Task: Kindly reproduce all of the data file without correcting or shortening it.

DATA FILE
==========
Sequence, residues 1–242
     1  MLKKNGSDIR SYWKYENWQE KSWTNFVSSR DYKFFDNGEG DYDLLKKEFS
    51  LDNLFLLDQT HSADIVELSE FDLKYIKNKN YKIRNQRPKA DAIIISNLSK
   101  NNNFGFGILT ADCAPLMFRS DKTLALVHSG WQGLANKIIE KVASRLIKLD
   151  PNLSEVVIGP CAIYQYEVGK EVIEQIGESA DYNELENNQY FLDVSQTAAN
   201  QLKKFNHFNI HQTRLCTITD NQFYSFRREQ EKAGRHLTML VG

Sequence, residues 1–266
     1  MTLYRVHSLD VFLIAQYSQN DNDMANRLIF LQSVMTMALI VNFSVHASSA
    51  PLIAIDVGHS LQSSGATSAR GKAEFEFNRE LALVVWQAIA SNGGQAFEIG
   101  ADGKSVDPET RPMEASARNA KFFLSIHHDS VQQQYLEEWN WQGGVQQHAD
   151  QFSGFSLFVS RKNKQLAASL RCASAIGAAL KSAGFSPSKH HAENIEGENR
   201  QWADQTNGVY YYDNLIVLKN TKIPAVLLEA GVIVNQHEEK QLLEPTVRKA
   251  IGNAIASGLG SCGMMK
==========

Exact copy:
Sequence, residues 1–242
     1  MLKKNGSDIR SYWKYENWQE KSWTNFVSSR DYKFFDNGEG DYDLLKKEFS
    51  LDNLFLLDQT HSADIVELSE FDLKYIKNKN YKIRNQRPKA DAIIISNLSK
   101  NNNFGFGILT ADCAPLMFRS DKTLALVHSG WQGLANKIIE KVASRLIKLD
   151  PNLSEVVIGP CAIYQYEVGK EVIEQIGESA DYNELENNQY FLDVSQTAAN
   201  QLKKFNHFNI HQTRLCTITD NQFYSFRREQ EKAGRHLTML VG

Sequence, residues 1–266
     1  MTLYRVHSLD VFLIAQYSQN DNDMANRLIF LQSVMTMALI VNFSVHASSA
    51  PLIAIDVGHS LQSSGATSAR GKAEFEFNRE LALVVWQAIA SNGGQAFEIG
   101  ADGKSVDPET RPMEASARNA KFFLSIHHDS VQQQYLEEWN WQGGVQQHAD
   151  QFSGFSLFVS RKNKQLAASL RCASAIGAAL KSAGFSPSKH HAENIEGENR
   201  QWADQTNGVY YYDNLIVLKN TKIPAVLLEA GVIVNQHEEK QLLEPTVRKA
   251  IGNAIASGLG SCGMMK